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- Brought an end to three years of hostilities that claimed two million lives
- Intended as a temporary truce, not a peace treaty - the countries are still technically at war
- Agreed a 2.4-mile demilitarised zone between the two Koreas
- Included a mechanism for the transfer of prisoners of war
- Members of the Military Armistice Commission from both sides still meet regularly
China's envy to the UN added that North Korea must be sent a "strong signal" that its third nuclear test last month is against the will of the international community.
China's envoy to the UN, Li Baodong, has said that the Security Council is aiming to vote on new sanctions against North Korea this Thursday.
US envoy to the United Nations, Susan Rice, has said that new sanctions against North Korea under consideration by the Security Council are "exceptional" in their breadth and scope.
She said the draft resolution tabled by the US "will significantly impede North Korea's ability to develop further its illicit nuclear and ballistic missile programmes".
She added that the sanctions would target the "illicit activities of North Korean diplomatic personnel", "banking relationships" and "illicit transfers of bulk cash" in addition to "new travel restrictions".
The 15 members of the UN Security Council are expected to begin closed-door talks on North Korea in the coming minutes.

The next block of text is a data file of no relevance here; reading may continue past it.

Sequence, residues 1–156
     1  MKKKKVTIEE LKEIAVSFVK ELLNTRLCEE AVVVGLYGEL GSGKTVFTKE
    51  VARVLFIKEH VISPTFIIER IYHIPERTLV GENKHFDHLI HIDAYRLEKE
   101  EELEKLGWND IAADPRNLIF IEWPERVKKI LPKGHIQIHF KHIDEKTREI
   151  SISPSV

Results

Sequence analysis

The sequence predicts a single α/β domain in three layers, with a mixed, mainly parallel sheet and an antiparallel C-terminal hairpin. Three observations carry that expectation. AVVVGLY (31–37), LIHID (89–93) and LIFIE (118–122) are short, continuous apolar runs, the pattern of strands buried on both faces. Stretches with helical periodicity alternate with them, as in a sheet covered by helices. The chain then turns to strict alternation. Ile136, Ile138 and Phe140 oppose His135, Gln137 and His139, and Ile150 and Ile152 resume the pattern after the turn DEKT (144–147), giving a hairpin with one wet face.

The scheduled meeting in New York is to discuss a draft resolution that would sanction the country for its third nuclear test last month.
UN diplomats have told Reuters new agency they expect to vote on the draft resolution by the end of this week, although it could face opposition from China.
US Secretary of State John Kerry has said he wants to see North Korea take responsible actions towards achieving peace rather than threatening to abrogate armistice agreements.
Speaking in Qatar, Kerry said he hoped the North Koreans would engage in negotiations to resolve world concerns.
The Korean People's Army Supreme Command spokesman said North Korea would scrap the the armistice signed in 1953 if the South and United States continue with two-month long annual military drills, according to the KCNA news agency.
The armistice ended a three-year conflict between North and South Korea with a truce rather than a treaty.
North Korea vowed to scrap the Korean War ceasefire with South Korea if they and the US continue with military drills, the KCNA news agency said.
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North Korea's threat to scrap the armistice is more specific than the usual barrage of warnings when the South and US carry out exercises.